Similarly, international organizations have been largely invisible or ignored. The United Nations’ call for a universal ceasefire during the pandemic fell on deaf ears. China refused a request by the World Health Organization (WHO) to investigate the origins of the pandemic in Wuhan in the early stages of the crisis. The United States has subsequently cut off funding to the WHO, accusing it of caving to Chinese pressure.
The pandemic, thus, does not augur well for international cooperation on other transnational challenges. This should not be surprising. The pandemic might pose a threat to all countries, but the level of threat varies widely from country to country. Some states are better prepared, for reasons of policy, available resources, and social cohesion, to cope with the virus than others are. In a world of growing competition, especially among great powers, the temptation is to seek benefit out of what might be called one’s competitive advantage in combating the pandemic. Some countries are actively spreading disinformation to disorient the public and stoke dissent and disorder in rival states. What is true of COVID-19 is true for all other transnational challenges, including the focus of so much angst in the West today, climate change.
That leads to the third reality exposed by the pandemic: the absence of true global leaders. No one or group of leaders has emerged to galvanize a powerful coalition against the global scourge, as, for example, Churchill, Roosevelt, and Stalin did during the Second World War against Nazi Germany. Indeed, so far at least, leaders of the major world powers – America’s Donald Trump, China’s Xi Jinping, and Russia’s Vladimir Putin – have focused almost exclusively on their own countries, and not without serious missteps in the beginning. Xi concealed the gravity of the crisis, depriving other countries of critical time to prepare for the onslaught. Putin and Trump both assured their countries that they had the situation under control, until it became obvious that they didn’t. Offers of assistance are welcome, of course, but they mainly advance national agendas; they are not designed to rally support for a global response. Rather than fostering cooperation, the United States and China have sharpened their rivalry, while US-Russian relations remain confrontational.
The lack of a genuine international community and true global leaders underscores the absence of a universal world order, the fourth revelation of the COVID X-ray. The American effort to expand the liberal international order, which structured post-World War II relations in the West, to the entire world after the end of the Cold War has ended in failure. That order, based on liberal principles and ostensibly on the rule of law, was ultimately dependent on American power, that is, America’s willingness to use force, and ability to use it effectively, to enforce the rules anywhere on the planet. There may have been a brief period, the so-called unipolar moment in the 1990s and early 2000s, when the United States came close to making that order truly universal, but that moment faded away as China rose and Russia reasserted itself on the global stage. The pandemic has only underscored America’s retreat from global leadership and lack of sufficient power to enforce the liberal rule of law. That order might continue to operate regionally, within the Transatlantic community, for example, although Trump’s disdain for America’s European allies has eroded even that. Worldwide, however, there is no one dominant, universal world order. American, Chinese, and Russian concepts compete for adherents. In many places, there is only growing disorder.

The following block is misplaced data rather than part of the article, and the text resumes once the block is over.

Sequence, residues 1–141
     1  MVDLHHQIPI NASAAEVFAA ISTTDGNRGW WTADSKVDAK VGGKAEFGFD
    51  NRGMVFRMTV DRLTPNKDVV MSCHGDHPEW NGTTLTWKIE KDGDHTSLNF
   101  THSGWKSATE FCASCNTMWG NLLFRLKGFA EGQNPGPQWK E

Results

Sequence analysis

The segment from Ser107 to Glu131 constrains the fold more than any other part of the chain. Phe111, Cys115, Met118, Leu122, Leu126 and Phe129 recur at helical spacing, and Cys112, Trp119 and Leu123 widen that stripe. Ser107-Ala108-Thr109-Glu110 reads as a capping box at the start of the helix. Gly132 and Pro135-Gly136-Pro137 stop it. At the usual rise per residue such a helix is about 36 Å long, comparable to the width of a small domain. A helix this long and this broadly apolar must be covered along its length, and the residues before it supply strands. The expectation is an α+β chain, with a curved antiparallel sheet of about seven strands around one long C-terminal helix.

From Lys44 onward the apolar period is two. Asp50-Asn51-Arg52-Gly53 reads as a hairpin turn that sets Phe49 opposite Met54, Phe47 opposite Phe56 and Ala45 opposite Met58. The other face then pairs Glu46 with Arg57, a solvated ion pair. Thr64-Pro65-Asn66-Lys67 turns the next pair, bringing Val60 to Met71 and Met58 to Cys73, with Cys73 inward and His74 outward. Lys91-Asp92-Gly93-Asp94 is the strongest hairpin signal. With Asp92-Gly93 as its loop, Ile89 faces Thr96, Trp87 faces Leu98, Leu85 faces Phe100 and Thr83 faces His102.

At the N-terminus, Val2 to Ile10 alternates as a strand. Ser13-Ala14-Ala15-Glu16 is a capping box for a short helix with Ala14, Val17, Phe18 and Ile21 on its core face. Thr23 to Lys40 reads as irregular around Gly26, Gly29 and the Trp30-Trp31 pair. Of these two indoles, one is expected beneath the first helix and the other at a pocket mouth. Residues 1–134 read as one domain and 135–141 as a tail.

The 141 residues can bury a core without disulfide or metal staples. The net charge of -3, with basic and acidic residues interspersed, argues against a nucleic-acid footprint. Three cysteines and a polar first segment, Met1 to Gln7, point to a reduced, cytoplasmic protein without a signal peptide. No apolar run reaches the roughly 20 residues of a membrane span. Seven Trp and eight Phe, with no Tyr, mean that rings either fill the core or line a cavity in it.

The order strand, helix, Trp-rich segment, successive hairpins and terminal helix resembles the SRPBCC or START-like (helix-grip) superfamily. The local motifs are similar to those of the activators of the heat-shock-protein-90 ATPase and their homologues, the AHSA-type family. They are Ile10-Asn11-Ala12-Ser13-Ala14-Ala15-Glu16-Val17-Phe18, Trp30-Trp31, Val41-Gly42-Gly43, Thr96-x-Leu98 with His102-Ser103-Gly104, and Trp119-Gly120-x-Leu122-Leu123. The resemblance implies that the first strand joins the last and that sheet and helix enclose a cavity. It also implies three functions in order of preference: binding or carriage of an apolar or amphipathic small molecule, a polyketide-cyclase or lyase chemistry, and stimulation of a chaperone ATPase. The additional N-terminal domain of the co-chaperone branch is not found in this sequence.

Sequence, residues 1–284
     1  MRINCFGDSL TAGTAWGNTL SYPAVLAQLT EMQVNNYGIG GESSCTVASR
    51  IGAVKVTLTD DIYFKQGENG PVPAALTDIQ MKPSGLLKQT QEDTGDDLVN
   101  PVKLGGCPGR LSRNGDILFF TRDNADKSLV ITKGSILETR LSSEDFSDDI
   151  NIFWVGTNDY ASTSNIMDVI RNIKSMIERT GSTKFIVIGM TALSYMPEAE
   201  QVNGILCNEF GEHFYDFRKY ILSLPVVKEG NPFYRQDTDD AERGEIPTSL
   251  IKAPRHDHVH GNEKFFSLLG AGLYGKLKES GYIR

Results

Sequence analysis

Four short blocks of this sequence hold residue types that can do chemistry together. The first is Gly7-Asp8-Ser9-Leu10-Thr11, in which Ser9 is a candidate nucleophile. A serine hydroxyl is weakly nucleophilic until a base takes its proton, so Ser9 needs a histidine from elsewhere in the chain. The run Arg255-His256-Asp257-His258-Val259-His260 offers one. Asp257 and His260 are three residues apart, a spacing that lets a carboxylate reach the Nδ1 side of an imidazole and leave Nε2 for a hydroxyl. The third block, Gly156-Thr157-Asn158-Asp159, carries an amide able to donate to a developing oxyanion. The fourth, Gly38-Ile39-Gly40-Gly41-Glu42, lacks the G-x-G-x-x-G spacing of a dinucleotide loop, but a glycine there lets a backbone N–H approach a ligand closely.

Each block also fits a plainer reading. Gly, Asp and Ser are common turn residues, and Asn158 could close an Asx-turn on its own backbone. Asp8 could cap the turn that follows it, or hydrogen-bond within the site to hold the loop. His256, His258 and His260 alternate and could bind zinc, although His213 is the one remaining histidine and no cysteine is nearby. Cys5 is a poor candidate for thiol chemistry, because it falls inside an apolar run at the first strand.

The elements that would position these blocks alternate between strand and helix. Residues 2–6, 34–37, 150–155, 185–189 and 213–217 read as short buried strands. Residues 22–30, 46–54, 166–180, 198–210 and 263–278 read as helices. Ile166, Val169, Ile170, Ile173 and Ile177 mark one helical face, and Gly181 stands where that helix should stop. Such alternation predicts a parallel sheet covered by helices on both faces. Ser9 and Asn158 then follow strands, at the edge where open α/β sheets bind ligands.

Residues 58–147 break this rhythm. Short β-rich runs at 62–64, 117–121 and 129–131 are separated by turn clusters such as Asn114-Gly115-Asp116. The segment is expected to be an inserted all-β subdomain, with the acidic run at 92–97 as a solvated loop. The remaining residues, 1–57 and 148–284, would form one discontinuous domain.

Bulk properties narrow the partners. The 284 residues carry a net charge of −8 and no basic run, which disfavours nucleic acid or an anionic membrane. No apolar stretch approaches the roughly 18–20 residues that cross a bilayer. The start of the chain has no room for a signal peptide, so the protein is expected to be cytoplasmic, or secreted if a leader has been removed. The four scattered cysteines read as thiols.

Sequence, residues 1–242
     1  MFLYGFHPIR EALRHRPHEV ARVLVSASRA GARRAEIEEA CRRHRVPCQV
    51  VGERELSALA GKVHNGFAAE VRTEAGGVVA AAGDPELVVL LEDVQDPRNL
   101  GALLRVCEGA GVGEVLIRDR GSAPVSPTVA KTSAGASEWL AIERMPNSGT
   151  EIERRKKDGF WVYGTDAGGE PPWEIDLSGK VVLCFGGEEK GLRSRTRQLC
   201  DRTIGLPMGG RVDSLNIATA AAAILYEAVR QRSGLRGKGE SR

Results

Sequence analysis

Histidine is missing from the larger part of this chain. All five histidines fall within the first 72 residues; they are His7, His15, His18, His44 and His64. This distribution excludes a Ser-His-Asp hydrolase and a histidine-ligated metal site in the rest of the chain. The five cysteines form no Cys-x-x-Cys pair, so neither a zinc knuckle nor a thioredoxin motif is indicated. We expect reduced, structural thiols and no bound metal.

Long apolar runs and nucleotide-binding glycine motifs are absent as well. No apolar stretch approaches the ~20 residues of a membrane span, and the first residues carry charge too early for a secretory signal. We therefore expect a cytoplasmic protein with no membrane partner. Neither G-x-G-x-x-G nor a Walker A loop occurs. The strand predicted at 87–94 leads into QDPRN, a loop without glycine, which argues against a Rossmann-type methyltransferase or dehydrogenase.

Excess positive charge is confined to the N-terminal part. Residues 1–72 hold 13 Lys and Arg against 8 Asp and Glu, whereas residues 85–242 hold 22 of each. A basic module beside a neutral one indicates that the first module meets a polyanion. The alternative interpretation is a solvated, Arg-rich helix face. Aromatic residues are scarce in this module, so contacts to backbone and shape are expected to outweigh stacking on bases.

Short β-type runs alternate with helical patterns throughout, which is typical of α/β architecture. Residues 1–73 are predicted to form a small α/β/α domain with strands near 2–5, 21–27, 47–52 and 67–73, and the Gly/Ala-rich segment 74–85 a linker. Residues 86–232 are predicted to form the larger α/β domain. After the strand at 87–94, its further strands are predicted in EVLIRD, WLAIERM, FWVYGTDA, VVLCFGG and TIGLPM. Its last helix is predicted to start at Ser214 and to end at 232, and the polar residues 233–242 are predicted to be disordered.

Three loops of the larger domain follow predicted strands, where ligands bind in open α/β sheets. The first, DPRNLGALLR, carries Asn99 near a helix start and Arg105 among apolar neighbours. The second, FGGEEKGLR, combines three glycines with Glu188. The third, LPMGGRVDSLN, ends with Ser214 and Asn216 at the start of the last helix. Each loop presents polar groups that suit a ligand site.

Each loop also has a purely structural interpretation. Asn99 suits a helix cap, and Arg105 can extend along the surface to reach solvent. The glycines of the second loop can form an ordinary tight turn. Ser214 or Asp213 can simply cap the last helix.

In short, COVID-19 has revealed most vividly that we live in a world of great-power competition. Globalization, to be sure, is a reality. The world has grown increasingly interconnected in recent decades; transnational challenges have intensified. They might call for international cooperation, but for the great powers at least, national gain takes priority. The pandemic has done nothing to change that equation; it has only made it more vivid.